Three Republican state House members called for hearings into the Illinois Department of Children and Family Services on Thursday, Jan. 13 out of concerns for workers’ safety, improper placements of state wards and the recent death of North Chicago boy.
Reps. Steven Reick, R-Woodstock, Tony McCombie, R-Savanna, and Tom Weber, R-Lake Villa, held a news conference Thursday to demand that DCFS Director Marc D. Smith appear and answer questions. They called on their Democratic colleagues and Gov. J.B. Pritzker to join their calls for hearings.
“For the past three years, members of the House and Senate of both parties have tried to peel the onion that is DCFS to find the root causes of their failures,” Reick said. “And the only conclusion that we could draw is that the agency is irretrievably broken and that no amount of money will solve its systematic failures.”
DCFS has come under fire in recent weeks for three incidents: the death of a caseworker, the death of a child in a family where abuse allegations were reported, and a contempt citation issued against Director Smith for failing to move children to appropriate placements.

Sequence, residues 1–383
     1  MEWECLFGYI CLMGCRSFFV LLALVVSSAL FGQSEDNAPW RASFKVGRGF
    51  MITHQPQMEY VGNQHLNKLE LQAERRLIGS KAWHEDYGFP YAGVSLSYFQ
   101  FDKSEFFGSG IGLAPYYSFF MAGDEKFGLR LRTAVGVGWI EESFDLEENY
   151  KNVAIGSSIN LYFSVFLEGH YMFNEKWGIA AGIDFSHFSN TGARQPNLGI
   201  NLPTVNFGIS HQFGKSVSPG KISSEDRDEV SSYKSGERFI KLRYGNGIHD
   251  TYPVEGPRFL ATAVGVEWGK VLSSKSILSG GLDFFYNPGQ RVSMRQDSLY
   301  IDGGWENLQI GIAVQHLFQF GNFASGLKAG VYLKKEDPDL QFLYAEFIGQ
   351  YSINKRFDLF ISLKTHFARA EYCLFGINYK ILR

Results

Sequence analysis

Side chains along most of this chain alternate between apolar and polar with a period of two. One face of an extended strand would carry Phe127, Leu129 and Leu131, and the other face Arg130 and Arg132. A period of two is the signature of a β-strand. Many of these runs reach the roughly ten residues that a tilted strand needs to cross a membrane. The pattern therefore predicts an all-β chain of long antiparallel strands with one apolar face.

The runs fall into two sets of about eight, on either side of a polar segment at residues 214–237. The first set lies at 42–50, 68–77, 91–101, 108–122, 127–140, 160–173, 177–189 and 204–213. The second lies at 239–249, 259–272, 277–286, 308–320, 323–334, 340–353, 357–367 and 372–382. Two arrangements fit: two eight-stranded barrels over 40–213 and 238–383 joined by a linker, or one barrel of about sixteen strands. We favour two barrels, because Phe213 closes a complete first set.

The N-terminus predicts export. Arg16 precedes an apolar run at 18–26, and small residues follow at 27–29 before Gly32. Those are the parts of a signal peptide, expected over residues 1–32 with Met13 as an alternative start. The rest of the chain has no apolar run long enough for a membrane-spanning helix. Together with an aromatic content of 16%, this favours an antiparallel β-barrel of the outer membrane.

Child protection investigator Deidre Silas worked for the department for six months when she was sent alone to a house in Thayer on Jan. 4 to check on the welfare of six children. Silas was found dead by Sangamon County Sheriff’s deputies. She had been bludgeoned and stabbed. Benjamin Reed, 32, who lived at the home, was later charged with Silas’ murder. She was the mother of two children.
In a separate incident, 6-year-old Damari Perry was found dead in an abandoned building in Gary, Indiana. Damari was taken into the state’s care in 2015, but was returned to his mother’s care, along with his siblings, two years later. Two subsequent abuse allegations were received by DCFS, including an allegation that the mother wrote a note threatening harm to Damari.
On Dec. 29, prosecutors said Damari was punished with a shower in cold water. He vomited, went unresponsive and later died. Jannie Perry, the boy’s mother, and two siblings face charges in connection with his death.